Ideas
March 25, 2020
Jolie, a TIME contributing editor, is an Academy Award–winning actor and Special Envoy of the U.N. High Commissioner for Refugees

The COVID-19 pandemic has caused a series of traumas that make each of us rethink the meaning of our humanity. Efforts to slow the spread of the disease have demanded enormous sacrifices.

We have seen health care workers and others on the front lines put themselves at great risk, without hesitation, to protect all of us. The decision to close schools is another significant sacrifice: 87% of all the world’s students — well over a billion and a half young people — are now unable to attend class because of nationwide school closures in 165 countries.

As is so often the case with human nature, when we are deprived of something, its value becomes clear. Education is about much more than just classroom learning. For millions of children and youth, schools are a lifeline of opportunity as well as a shield. Classrooms offer protection — or at least a reprieve — from violence, exploitation and other difficult circumstances. In the U.S, some 22 million children rely on school for the hot daily meal that stands between them and hunger. In fragile countries, school closures have the potential to be devastating and permanently derail children’s futures.

When schools shut down for more than a few weeks, early marriages increase, more children are recruited into militias, sexual exploitation of girls and young women rises, teenage pregnancies increase, and child labor rises. The converse is also true: education significantly improves not only the life prospects of individuals, but the stability and prosperity of whole societies.

Inequalities will only grow as days turn into weeks, and weeks into months. We see this most starkly in the global refugee population. One in five refugees have been in displacement situations that have lasted 20 years or more — more than the entire duration of a child’s education.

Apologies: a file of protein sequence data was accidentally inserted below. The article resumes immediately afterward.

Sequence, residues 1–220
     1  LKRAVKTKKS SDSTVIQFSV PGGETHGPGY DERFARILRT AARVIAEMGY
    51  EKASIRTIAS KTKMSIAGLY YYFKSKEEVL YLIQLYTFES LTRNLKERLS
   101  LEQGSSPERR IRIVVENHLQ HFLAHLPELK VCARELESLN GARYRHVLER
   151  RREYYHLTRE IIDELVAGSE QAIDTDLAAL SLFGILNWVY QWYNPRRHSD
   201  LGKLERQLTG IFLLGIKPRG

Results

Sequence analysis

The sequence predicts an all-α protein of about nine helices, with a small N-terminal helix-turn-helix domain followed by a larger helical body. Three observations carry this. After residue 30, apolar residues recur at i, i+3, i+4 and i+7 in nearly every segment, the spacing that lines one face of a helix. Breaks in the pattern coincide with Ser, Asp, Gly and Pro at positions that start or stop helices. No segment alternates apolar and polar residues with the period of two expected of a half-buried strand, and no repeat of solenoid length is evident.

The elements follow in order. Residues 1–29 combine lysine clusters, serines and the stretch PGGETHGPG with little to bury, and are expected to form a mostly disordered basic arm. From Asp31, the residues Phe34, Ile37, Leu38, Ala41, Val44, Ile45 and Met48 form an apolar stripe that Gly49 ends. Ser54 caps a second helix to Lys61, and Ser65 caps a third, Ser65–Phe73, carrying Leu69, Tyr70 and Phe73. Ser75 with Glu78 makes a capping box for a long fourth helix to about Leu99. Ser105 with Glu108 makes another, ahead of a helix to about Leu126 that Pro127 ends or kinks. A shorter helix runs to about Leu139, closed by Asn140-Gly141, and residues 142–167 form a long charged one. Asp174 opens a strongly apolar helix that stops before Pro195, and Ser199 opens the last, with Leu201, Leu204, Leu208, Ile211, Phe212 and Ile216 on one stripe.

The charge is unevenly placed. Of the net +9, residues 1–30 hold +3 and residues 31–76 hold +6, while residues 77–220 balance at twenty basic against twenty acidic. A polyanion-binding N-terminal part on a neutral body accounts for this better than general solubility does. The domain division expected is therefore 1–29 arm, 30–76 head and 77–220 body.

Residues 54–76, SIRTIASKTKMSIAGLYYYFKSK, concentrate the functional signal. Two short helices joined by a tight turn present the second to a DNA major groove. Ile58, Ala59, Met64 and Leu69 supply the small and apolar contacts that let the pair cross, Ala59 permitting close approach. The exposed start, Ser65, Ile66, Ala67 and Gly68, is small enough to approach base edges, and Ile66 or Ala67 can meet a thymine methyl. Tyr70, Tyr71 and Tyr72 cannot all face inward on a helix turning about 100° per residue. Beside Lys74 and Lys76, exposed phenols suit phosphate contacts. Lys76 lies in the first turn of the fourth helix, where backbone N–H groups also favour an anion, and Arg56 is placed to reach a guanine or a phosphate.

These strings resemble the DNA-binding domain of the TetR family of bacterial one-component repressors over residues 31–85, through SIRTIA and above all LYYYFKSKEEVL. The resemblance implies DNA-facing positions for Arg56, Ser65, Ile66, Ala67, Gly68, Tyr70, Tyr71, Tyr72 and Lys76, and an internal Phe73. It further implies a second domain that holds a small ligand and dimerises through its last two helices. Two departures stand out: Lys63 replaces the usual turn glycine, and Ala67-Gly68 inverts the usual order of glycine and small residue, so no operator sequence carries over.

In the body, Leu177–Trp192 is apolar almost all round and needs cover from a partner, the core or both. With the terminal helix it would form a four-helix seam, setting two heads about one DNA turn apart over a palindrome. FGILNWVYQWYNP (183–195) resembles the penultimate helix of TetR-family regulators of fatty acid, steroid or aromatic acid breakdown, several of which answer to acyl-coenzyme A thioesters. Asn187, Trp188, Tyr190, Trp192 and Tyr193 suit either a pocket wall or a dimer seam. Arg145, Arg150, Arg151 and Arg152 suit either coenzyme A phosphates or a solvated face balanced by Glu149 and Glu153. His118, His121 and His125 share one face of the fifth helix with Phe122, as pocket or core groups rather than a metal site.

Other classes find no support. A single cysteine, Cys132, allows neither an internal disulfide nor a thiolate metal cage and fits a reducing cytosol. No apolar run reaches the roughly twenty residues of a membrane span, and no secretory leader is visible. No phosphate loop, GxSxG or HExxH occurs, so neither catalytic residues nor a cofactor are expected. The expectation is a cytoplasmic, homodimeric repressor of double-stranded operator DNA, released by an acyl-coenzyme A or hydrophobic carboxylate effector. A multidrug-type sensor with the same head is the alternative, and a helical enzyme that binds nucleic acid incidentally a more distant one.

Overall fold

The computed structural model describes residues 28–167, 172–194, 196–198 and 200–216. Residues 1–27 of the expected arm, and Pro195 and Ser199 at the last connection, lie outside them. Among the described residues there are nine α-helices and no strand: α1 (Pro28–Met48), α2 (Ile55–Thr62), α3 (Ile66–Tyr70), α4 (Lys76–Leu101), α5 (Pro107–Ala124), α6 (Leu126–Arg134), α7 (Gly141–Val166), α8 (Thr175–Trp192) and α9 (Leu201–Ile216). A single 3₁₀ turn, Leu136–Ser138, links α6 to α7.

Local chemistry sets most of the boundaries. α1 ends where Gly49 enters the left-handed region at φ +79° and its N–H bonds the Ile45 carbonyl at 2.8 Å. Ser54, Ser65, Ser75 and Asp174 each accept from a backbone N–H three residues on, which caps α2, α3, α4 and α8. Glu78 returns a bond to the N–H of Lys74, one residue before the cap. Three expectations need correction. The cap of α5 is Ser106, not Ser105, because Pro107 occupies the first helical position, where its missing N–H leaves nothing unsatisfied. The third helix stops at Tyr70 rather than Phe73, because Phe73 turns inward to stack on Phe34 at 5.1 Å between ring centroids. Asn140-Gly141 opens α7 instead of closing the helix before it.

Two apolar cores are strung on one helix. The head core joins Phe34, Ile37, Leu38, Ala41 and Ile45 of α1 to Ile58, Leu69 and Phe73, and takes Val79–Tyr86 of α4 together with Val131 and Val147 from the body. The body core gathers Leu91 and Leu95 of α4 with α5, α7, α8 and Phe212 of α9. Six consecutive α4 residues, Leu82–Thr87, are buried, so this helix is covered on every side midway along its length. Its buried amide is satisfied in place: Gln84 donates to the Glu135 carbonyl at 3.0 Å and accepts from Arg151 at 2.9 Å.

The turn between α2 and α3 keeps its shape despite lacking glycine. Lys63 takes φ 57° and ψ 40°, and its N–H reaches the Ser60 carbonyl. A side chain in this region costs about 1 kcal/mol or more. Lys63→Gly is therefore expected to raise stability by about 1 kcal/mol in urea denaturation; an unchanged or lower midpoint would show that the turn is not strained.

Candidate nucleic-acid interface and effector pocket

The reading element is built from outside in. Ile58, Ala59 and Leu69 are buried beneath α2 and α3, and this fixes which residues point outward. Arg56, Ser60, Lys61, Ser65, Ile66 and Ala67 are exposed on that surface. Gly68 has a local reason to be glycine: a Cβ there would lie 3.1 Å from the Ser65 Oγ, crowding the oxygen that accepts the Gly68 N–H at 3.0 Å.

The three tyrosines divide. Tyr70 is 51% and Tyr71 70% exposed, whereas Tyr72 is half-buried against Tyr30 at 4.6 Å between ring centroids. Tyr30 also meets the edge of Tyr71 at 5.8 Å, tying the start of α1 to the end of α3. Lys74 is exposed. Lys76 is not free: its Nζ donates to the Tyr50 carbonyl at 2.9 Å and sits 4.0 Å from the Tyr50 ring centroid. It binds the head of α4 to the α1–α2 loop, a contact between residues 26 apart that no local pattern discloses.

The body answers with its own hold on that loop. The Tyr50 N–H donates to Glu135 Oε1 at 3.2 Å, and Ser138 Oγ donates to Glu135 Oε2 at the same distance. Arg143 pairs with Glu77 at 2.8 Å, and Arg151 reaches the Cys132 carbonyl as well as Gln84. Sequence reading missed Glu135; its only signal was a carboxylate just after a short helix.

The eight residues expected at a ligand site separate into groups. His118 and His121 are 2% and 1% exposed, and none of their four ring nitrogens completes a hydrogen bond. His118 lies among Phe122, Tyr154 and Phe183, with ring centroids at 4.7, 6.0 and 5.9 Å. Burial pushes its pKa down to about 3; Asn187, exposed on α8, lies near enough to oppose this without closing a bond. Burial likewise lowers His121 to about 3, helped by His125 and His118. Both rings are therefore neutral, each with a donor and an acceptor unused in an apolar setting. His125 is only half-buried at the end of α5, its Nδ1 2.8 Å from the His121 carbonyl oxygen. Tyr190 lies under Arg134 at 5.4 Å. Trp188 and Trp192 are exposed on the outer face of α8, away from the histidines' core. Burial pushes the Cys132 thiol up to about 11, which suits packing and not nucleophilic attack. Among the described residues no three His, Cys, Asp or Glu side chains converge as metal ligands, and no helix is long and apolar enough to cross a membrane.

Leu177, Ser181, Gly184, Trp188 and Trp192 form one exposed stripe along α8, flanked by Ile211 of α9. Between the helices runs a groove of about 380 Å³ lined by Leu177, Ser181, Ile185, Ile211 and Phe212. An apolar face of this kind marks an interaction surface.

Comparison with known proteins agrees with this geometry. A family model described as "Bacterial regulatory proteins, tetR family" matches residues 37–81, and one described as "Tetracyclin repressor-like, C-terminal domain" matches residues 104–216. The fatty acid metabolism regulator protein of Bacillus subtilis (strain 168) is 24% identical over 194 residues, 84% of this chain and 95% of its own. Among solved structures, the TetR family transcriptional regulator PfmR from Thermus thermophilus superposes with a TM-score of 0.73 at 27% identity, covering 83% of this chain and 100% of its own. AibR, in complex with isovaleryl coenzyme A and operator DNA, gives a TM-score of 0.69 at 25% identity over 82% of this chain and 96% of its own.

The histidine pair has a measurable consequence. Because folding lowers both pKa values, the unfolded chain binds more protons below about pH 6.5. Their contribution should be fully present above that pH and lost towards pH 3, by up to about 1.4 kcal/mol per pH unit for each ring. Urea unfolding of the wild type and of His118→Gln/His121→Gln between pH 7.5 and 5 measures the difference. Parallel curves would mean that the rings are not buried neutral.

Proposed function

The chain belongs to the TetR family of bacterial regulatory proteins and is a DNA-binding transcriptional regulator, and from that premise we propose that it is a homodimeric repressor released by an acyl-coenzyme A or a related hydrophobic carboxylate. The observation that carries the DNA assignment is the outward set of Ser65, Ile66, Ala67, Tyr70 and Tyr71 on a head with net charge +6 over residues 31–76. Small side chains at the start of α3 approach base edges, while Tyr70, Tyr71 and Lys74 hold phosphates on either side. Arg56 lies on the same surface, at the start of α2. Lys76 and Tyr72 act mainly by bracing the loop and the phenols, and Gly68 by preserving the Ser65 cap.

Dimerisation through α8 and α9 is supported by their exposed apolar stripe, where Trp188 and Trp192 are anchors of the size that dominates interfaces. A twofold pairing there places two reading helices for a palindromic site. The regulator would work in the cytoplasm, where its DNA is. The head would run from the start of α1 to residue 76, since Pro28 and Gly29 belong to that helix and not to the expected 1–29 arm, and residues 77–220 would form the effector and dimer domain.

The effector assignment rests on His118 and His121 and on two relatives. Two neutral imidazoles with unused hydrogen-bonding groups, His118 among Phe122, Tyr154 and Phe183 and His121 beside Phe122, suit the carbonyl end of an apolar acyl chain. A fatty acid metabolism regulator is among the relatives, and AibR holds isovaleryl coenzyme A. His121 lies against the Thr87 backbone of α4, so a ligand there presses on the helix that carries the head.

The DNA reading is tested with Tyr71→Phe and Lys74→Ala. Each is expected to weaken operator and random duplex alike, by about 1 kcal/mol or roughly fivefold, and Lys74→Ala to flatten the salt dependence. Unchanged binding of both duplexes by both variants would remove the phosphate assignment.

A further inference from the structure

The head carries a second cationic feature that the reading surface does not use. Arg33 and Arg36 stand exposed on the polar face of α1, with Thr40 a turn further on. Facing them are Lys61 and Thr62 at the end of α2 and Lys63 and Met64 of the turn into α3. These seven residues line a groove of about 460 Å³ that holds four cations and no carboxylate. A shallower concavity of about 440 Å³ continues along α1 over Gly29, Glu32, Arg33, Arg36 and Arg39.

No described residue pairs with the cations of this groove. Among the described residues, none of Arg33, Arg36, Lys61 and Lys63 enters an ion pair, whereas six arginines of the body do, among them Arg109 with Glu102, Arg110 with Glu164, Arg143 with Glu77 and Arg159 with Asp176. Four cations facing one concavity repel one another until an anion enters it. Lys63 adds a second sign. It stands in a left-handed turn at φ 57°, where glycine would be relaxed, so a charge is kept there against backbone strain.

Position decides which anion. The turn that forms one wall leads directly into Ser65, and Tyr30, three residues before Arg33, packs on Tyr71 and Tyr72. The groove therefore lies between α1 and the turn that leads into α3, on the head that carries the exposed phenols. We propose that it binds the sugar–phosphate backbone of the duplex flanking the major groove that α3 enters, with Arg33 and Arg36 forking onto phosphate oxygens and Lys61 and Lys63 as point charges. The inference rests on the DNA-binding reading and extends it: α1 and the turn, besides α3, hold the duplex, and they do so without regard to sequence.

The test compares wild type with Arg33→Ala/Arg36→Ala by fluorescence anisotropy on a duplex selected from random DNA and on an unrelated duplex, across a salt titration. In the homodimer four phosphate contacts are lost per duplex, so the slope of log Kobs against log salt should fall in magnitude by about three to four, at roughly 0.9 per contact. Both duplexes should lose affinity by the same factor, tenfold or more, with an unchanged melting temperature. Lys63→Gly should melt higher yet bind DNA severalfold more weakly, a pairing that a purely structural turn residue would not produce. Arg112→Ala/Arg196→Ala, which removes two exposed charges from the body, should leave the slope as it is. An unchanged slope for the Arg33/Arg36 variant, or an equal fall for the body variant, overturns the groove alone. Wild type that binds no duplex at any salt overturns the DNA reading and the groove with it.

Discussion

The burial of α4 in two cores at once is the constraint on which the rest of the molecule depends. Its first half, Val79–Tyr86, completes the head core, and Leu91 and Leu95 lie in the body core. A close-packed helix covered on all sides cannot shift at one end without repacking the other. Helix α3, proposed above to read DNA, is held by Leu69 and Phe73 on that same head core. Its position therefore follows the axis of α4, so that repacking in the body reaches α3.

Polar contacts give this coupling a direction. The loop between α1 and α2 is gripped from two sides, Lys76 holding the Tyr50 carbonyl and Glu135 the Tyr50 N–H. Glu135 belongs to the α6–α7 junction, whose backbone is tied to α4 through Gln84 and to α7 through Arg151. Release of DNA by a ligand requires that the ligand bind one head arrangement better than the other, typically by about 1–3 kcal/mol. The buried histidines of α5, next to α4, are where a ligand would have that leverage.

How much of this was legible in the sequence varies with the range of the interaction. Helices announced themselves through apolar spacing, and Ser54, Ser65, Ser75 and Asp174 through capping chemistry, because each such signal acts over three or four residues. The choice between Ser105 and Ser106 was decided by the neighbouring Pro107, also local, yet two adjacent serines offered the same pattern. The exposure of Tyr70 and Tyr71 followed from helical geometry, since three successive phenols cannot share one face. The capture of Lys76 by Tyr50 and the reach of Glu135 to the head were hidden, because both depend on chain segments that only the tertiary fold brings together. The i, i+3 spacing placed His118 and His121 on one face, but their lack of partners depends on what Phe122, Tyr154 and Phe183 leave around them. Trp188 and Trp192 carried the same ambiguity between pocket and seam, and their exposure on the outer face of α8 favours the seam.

Without urgent practical assistance, some of the children left without schooling worldwide due to the coronavirus may never set foot in a classroom again. We must find ways to try to ensure access to continuity of education for young people across the world, recognizing the sheer scale of the challenge.

Today, UNESCO is launching a new Global Education Coalition to galvanize the search for practical solutions. We are urging international organizations, civil society and private sector companies committed to responsible stewardship to participate.

The goal is to identify and share the best innovations to keep children learning during the pandemic, and to help lay foundations for more inclusive and equitable approaches to education when the crisis subsides.

The main response to school closures is to turn to distance and online learning. For a critical proportion of students, schooling has suddenly come into the home, and parents, siblings, caregivers, family and close friends are finding themselves in the role of teacher, alongside virtual instructors. Many parents, who are now working from home, are also struggling to balance the demands of work with being a full-time instructor. These experiences remind us of the value of our teachers’ everyday work, which many take for granted or too often criticize.